My dad cried loud, heavy tears on the day I graduated from medical school. My mom cried too, although not as intensely as my dad. My parents, sister, in-laws, and two closest friends came to my graduation, one of whom had flown cross country to be with me for the event. We had dinner together at a Thai restaurant after the ceremony. My husband gave me a pair of emerald earrings.
I don't remember crying. I remember feeling happy that I graduated and glad to be with my family, but as I had correct anticipated residency to be more difficult than medical school, I didn't feel overly celebratory about the milestone itself.
I felt differently about the completion of residency. When I walked out of the hospital for the last time, I looked back at the inpatient towers, thought to myself I never have to go back, and was surprised by the wave of relief that flooded over me. I'm glad no one was around to see what must have been the biggest, dopiest smile pulled across my face.
But there wasn't time to celebrate. I graduated from residency on a Friday, moved over the weekend, and started fellowship on Monday. If I bought myself something to commemorate the occasion, I don't remember what it was. Although this achievement meant more to me than med school graduation, it's significance was eclipsed by the need to move and instability of my first few weeks of fellowship.
Now I am graduating again, this time from fellowship, a milestone that will finally mark the end of my medical training.
Memory is an imperfect tool, a shortcoming I appreciate when trying to appraise the individual steps and aggregate of my medical education. To the best of my recollection I was happier in medical school than I was in residency and happier in fellowship than I was in medical school. But then again, my life outside of training was significantly different during these periods that it is difficult to assess them based on just the training itself. I had good friends in medical school. During my fourth year we all lived in apartments close by and spent weekend nights drinking so much wine that it gives me a headache just to think about it. I realized shortly after starting residency that I didn't much care for inpatient medicine. I had fewer friends in residency, a husband who traveled, and an unplanned pregnancy that affected my emotional health during what felt like an unending string of thirty hour shifts. In retrospect, I think I was suffering from postpartum depression where I told myself it was "just the blues". Thankfully, it passed. Or maybe resolved when I completed residency.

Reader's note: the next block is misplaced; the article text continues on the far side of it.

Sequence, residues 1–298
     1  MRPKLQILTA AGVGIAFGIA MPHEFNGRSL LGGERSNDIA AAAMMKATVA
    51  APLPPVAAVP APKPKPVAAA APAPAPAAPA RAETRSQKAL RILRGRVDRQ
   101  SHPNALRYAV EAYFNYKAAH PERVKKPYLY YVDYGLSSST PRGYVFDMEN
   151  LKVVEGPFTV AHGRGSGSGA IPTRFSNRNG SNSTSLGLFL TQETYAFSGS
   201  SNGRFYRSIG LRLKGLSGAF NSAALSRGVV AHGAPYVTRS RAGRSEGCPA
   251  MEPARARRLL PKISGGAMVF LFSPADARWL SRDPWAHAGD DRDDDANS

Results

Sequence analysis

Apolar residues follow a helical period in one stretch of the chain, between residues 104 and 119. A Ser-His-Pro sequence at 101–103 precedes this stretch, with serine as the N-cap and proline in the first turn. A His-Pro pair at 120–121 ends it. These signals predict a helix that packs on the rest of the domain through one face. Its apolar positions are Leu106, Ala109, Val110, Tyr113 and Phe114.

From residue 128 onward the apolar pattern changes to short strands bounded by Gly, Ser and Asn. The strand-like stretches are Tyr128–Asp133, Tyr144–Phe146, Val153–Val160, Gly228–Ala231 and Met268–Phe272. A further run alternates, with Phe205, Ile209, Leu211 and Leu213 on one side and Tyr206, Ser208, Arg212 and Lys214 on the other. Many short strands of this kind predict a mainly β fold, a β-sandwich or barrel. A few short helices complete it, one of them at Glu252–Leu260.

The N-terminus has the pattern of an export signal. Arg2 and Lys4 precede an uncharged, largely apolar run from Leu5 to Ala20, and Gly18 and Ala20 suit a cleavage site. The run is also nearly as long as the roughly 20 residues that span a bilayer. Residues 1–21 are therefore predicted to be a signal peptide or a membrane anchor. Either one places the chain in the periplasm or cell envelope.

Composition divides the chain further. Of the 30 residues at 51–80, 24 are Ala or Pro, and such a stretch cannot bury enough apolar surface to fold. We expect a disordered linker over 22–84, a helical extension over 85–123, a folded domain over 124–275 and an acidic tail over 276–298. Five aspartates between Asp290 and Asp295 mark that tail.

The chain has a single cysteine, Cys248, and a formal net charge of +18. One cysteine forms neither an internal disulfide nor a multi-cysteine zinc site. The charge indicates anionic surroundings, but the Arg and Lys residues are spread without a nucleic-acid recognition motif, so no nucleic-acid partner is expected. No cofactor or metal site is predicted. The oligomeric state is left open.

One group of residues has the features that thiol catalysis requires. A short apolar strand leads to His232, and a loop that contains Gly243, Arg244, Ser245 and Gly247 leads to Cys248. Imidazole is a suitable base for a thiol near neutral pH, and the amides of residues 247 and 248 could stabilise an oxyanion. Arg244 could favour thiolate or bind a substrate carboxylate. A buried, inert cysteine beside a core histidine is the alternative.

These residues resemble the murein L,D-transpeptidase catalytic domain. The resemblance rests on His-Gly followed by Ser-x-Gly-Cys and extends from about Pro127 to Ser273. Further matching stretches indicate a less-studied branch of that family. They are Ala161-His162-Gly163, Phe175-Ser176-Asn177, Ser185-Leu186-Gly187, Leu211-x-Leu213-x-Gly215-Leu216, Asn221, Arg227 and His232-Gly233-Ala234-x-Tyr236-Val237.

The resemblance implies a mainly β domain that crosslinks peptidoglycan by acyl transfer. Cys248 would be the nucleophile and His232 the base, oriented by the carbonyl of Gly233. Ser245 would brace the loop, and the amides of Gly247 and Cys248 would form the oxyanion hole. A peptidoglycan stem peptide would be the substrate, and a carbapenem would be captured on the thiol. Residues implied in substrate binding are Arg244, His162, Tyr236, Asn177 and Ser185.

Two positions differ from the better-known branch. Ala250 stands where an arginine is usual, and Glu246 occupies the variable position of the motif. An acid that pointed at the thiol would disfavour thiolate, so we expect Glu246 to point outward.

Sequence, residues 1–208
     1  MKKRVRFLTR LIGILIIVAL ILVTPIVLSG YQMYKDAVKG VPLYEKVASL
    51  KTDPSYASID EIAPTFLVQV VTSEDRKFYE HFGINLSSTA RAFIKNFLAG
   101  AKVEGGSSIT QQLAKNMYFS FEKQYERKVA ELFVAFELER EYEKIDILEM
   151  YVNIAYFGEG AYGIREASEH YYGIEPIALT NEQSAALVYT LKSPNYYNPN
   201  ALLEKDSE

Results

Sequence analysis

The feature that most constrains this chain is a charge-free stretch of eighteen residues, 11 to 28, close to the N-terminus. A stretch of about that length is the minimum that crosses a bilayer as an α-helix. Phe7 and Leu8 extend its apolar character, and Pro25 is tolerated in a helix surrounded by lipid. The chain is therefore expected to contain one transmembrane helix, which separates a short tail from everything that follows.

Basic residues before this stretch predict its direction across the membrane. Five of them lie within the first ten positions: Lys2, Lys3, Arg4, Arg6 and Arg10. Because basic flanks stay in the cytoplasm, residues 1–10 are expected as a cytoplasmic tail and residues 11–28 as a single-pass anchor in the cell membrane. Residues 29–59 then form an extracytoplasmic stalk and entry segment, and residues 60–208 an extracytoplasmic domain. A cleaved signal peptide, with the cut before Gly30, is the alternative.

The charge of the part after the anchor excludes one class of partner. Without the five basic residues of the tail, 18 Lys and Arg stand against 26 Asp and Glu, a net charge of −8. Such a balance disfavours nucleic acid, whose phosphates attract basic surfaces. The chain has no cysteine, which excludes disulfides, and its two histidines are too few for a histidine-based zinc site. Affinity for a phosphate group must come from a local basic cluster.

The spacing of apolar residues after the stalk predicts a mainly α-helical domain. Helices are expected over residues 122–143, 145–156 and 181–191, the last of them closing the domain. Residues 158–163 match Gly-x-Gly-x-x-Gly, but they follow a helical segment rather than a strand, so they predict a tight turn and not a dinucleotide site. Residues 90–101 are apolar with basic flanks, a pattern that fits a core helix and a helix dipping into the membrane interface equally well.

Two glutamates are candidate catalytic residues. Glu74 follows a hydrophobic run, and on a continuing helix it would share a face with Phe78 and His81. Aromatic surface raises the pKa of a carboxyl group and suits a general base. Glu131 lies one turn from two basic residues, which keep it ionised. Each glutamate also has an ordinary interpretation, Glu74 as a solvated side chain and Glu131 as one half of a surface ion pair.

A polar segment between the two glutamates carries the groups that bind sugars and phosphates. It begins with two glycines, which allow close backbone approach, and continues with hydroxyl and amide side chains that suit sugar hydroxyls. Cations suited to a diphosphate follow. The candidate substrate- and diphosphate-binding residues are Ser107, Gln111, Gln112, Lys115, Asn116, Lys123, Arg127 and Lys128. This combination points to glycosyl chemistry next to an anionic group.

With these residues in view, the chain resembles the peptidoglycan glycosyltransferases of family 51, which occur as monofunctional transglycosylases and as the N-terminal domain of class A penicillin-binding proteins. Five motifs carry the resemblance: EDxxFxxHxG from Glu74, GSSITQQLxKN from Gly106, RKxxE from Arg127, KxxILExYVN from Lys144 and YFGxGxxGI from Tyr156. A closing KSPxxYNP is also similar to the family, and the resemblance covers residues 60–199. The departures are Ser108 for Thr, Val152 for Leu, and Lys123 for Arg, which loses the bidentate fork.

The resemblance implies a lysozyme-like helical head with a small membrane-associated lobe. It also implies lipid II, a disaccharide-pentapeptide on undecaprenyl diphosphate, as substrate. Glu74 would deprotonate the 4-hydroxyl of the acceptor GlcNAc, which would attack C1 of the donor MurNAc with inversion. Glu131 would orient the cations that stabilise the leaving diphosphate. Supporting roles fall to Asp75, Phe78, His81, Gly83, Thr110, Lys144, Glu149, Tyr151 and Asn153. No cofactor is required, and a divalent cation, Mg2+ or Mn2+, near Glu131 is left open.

And perhaps it is strange that consider myself happier now, in fellowship, than I was in medical school or residency even though, at the end of my first year of fellowship and just after finding out I was pregnant for the second time (yes, this one planned), I called one of my attendings (a female and the only remotely "mommish" of the faculty) crying. I told her I worried I wouldn't make it through another two years if they were as bad as the first. Even though I hated parts of medical school and residency, I never occurred to me to quit. She told me it gets better. And it very much did. (I am also fortunate that she never held this episode against me nor told anyone about it.)
I started medical school just before my 22nd birthday. I am through five years of medical school (I did a research year between my 3 and 4 years), three years of residency, three years of fellowship and, last week, turned 33. I am married with two kids and feel good about the job I have lined up and the career ahead of me.
In other words, I want to celebrate.
And need some ideas. I have a friend whose husband through her an elaborate party (doctor themed) at his family's restaurant. Another friend put a trip to Jamaica for her family of four on a credit card and took off for a week after graduation. One of my (child-free) co-workers is spending six weeks in Europe.
I don't think I will do any of these things. Although I am feeling indulgent, we are hoping to buy a house soon and will be moving. I don't need another big expense.
So what did you do? Memorable dinner? Earrings? Party? Trip? Nothing at all?